Separation anxiety in children is a developmental stage in which the child is anxious when separated from the primary caregiver (usually the mother).
As infants grow, their emotions and reactions to the world around them seem to occur in a predictable order. Before 8 months, infants are so new to the world that they lack a sense of what is normal and safe and what may be dangerous. As a result, new settings or people seem to not frighten them.
From 8 to 14 months, children often become frightened when they meet new people or visit new places. They recognize their parents as familiar and safe. When separated from their parents, they feel threatened and unsafe.
Separation anxiety is a normal stage as a child grows and develops. It helped keep our ancestors alive and helps children learn how to master the world around them.
It usually ends when the child is around 2 years old. At this age, toddlers begin to understand that parents may be out of sight now, but will return later. It's also normal for them to test their independence.
To get over separation anxiety, children need to:
- Feel safe in their home.
- Trust people other than their parents.
- Trust that their parents will return.
Even after children have mastered this stage, separation anxiety may return in times of stress. Most children will feel some degree of separation anxiety when in unfamiliar situations, most often when separated from their parents.
When children are in situations (such as hospitals) and are under stress (such as illness or pain), they seek the safety, comfort, and protection of their parents. Since anxiety can worsen pain, staying with a child as much as possible can reduce the pain.
A child with severe separation anxiety may have any of the following:
- Excessive distress when separated from the primary caregiver
- Reluctance to go to school or other places because of fear of separation
- Reluctance to go to sleep without the primary caregiver nearby
- Repeated physical complaints
- Worry about losing, or harm coming to the primary caregiver
Exams and Tests
There are no tests for this condition, because it is normal.
If severe separation anxiety persists past age 2, a visit with a health care provider may help determine if the child has an anxiety disorder or other condition.
No treatment is needed for normal separation anxiety.
Parents can help their infant or toddler adjust to their absence by letting trusted caregivers babysit the child. This helps the child learn to trust and bond with other adults and understand that their parents will return.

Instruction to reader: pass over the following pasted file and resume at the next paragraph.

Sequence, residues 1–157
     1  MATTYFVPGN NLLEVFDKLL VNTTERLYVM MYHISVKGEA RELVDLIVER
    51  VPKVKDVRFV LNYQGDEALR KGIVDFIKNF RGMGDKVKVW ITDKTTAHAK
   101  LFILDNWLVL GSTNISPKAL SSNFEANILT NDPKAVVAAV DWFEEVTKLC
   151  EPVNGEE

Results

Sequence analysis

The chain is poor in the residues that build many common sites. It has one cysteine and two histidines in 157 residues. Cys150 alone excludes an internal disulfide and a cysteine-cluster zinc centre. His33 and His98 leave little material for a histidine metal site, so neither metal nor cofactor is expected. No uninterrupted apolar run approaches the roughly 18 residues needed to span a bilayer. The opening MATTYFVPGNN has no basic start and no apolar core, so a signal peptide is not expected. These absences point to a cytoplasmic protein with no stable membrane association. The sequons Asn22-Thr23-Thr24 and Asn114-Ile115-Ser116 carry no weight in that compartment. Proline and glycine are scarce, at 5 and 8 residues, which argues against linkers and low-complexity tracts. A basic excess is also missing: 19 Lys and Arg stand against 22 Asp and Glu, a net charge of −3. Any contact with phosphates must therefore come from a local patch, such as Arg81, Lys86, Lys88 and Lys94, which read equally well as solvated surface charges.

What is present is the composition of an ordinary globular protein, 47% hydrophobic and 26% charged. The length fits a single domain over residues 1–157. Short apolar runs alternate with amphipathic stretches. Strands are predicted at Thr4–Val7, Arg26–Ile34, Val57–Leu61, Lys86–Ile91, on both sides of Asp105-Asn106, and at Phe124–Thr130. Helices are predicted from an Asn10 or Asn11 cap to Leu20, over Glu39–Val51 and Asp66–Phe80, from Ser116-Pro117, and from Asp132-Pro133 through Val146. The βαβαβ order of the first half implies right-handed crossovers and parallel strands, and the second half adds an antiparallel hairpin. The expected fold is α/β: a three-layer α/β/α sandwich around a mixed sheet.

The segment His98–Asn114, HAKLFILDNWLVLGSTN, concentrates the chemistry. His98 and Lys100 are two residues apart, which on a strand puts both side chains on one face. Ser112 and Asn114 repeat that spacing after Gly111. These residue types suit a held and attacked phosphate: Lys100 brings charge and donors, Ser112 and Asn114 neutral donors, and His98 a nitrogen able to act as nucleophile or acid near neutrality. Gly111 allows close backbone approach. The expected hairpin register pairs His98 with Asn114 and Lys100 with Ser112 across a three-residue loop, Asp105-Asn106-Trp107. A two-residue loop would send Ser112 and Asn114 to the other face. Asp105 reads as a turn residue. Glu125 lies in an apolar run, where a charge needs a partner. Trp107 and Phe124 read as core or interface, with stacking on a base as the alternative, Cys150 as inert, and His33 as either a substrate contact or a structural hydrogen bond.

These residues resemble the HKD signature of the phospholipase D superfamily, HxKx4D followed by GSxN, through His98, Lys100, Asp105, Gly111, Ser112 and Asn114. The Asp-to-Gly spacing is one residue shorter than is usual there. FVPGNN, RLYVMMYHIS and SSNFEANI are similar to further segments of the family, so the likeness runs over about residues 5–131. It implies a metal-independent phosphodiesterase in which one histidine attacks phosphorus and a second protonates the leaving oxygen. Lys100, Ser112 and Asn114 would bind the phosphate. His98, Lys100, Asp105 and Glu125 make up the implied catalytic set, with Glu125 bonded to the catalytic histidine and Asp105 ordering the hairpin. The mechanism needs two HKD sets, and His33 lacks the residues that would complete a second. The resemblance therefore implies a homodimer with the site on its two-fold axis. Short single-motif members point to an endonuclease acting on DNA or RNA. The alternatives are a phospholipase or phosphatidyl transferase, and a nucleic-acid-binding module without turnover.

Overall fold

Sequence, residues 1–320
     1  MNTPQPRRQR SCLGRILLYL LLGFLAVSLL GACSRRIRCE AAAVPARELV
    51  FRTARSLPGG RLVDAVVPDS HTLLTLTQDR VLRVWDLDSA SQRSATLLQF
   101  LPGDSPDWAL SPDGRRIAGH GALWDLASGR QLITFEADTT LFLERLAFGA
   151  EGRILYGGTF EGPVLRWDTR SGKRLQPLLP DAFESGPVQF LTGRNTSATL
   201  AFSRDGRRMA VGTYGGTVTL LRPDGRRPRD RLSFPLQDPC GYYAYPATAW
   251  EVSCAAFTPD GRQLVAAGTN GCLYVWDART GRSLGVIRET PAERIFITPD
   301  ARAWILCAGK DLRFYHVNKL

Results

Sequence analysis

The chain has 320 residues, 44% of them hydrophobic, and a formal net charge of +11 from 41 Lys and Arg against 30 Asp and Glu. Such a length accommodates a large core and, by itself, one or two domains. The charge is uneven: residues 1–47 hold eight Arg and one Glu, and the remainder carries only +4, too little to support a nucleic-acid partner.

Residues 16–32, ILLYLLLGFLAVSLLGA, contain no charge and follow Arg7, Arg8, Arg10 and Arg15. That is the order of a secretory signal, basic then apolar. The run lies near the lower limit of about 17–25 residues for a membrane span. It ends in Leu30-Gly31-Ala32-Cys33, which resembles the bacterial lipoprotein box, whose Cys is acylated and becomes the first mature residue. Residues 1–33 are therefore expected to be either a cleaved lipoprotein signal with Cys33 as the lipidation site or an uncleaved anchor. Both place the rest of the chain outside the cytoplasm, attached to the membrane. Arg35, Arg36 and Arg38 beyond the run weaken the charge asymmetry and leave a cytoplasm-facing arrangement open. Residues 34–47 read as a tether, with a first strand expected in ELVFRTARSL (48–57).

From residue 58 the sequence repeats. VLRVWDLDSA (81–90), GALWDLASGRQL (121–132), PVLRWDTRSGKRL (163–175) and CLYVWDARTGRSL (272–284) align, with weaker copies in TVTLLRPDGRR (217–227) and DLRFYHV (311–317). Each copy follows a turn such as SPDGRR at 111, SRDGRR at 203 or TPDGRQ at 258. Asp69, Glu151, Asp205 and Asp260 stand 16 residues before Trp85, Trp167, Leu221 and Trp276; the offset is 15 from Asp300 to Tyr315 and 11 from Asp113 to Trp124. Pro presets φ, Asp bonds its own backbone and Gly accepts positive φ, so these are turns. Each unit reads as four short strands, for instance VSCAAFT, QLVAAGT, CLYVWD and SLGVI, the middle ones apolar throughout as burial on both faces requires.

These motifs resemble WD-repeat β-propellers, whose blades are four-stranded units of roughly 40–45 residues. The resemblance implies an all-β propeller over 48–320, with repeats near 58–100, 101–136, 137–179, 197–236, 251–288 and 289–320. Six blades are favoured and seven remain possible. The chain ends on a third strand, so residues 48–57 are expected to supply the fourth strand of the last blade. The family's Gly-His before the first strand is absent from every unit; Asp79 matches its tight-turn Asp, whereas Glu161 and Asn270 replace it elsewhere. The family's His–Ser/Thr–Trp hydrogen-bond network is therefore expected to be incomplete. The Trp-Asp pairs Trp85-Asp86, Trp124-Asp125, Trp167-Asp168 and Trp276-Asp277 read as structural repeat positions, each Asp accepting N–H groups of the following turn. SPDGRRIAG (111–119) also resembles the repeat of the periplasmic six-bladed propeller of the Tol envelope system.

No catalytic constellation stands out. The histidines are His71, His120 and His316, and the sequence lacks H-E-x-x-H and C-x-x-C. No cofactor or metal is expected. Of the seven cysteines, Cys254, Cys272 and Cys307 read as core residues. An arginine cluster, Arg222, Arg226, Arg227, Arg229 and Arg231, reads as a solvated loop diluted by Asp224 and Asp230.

During medical procedures, a parent should go with the child if possible. When a parent can't go with the child, exposing the child to the situation beforehand may be helpful, such as visiting the doctor's office before a test.
Some hospitals have child life specialists who can explain procedures and medical conditions to children of all ages. If your child is very anxious and needs extended medical care, ask your provider about such services.
When it's not possible for parents to be with the child, such as for surgery, explain the experience to the child. Reassure the child that a parent is waiting, and where.
For older children who have not outgrown separation anxiety, treatments may include:
- Anti-anxiety medicines
- Changes in parenting techniques
- Counseling for the parents and child
Treatment for severe cases may include:
- Family education
- Family therapy
- Talk therapy
Young children with symptoms that improve after age 2 are normal, even if some anxiety comes back later during stress. When separation anxiety occurs in adolescence, it may signal the development of an anxiety disorder.
When to Contact a Medical Professional
Call your provider if your child has severe separation anxiety after age 2.
Feigelman S. The second year. In: Kliegman RM, Stanton BF, St. Geme JW, Schor NF, eds. Nelson Textbook of Pediatrics. 20th ed. Philadelphia, PA: Elsevier; 2016:chap 11.
Rosenberg DR. Chiriboga JA. Anxiety disorders. In: Kliegman RM, Stanton BF, St. Geme JW, Schor NF, eds. Nelson Textbook of Pediatrics. 20th ed. Philadelphia, PA: Elsevier; 2016:chap 25.
Review Date 5/18/2016
Updated by: Neil K. Kaneshiro, MD, MHA, Clinical Assistant Professor of Pediatrics, University of Washington School of Medicine, Seattle, WA. Also reviewed by David Zieve, MD, MHA, Isla Ogilvie, PhD, and the A.D.A.M. Editorial team.